This is love: not that we loved God, but that he loved us and sent his Son as an atoning sacrifice for our sins. -1 John 4:10
“What is love? Baby don’t hurt me, don’t hurt me no more!” That’s the popular 1993, Haddaway question. The song goes on but never answers the question, “what is love?” Maybe we should be thankful they don’t as some of their contemporaries attempt to do. Beyonce is “Crazy in love,” and Calvin Harris asks, “How deep is your love? Is it like the ocean?…How deep is your love? Is it like nirvana?” The Bee Gees back in 1977 pondered the same but concluded, “I believe in you, // You know the door to my very soul, // You’re the light in my deepest darkest hour, // You’re my savior when I fall… // how deep is your love?” They weren’t talking about Jesus however.
It’s true that the love each of these musical artists are seeking to define isn’t an epistemological (the study of knowing) query. While they identify popular ways of feeling about love they unsuccessfully grasp love’s actual meaning. However, and to use them as an example again, Calvin Harris’ collaboration with the band Disciples, How Deep Is Your Love, offers a shallow answer to even romantic love, “Open up my eyes and // Tell me who I am // Let me in on all your secrets // No inhibition, no sin…”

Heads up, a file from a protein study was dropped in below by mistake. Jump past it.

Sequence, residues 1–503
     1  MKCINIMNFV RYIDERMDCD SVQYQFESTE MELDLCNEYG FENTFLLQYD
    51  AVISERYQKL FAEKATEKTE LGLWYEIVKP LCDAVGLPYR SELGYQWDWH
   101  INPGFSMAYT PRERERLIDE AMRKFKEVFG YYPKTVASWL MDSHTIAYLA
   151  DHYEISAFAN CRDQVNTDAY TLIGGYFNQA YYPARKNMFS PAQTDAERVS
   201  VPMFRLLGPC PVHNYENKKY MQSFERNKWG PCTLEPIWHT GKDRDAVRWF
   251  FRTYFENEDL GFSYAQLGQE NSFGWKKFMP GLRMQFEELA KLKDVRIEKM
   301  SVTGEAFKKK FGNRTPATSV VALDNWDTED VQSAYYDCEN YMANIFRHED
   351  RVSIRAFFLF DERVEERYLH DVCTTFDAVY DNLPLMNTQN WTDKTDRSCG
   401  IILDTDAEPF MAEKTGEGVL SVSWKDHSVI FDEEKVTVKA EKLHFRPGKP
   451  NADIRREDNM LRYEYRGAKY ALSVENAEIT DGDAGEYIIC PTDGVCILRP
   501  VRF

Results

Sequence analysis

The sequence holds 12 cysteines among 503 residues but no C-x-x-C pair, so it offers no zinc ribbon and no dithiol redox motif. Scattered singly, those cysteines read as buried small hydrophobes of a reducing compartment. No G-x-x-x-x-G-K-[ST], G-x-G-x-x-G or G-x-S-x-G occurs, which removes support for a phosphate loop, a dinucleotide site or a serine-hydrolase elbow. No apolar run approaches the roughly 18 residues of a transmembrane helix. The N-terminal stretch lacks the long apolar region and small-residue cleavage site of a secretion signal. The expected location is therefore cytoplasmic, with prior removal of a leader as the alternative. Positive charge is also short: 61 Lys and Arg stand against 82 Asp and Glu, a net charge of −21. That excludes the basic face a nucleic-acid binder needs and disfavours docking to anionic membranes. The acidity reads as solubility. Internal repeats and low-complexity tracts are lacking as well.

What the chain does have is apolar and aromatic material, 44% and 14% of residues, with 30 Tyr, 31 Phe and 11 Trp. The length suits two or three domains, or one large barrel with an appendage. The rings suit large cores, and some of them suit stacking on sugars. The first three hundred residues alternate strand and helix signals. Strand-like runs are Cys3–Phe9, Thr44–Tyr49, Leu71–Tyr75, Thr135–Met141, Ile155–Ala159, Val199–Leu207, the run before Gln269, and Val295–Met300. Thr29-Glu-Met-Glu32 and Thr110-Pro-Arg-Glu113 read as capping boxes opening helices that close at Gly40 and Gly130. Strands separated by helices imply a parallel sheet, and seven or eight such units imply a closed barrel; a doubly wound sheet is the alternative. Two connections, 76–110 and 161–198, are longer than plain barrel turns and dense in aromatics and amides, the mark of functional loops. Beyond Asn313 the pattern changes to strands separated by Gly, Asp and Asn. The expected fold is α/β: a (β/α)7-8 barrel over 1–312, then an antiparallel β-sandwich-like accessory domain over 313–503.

The world certainly has a twisted way of defining love, lyrical license doesn’t do justice to the truth of God’s love. To this end, The Commandments are a summary of what love is, succinctly, a love of God and neighbor (cf. Mt. 22:37-40). They describe how in the Law we may be faithful to God and neighbor, but ultimately in our lives this call to love is insufficient. We fail to be faithful in respect to both. What is love that we cannot keep, what do we call that? Sin. And sinfully we describe love both in regards to God and to the neighbors we call our loved ones. Scripture teaches us that love, true love, doesn’t have its origin in us but in God himself. How do we love God and neighbor? Jesus. Jesus is the good news of the Gospel, that declares us sinners righteous, justified, by grace through faith (cf. Eph. 2:8). Our salvation has everything to do with how we love both God and neighbor. It is Christ who first loved us by dying for us, as an atoning sacrifice for our sins, and believing this in repentance and faith we can only then begin to know how to love others.
So when looking to answer what is love, forget the musicians who just don’t have the chops to tell the truth, and open your Lutheran Service Book to hymn 706:
1. Love in Christ is strong and living // Binding faithful hearts as one; // Love in Christ is true and giving. // May His will in us be done. 3. Love in Christ abides forever, // Fainting not when ills attend; // Love, forgiving and forgiven, // Shall endure until life’s end.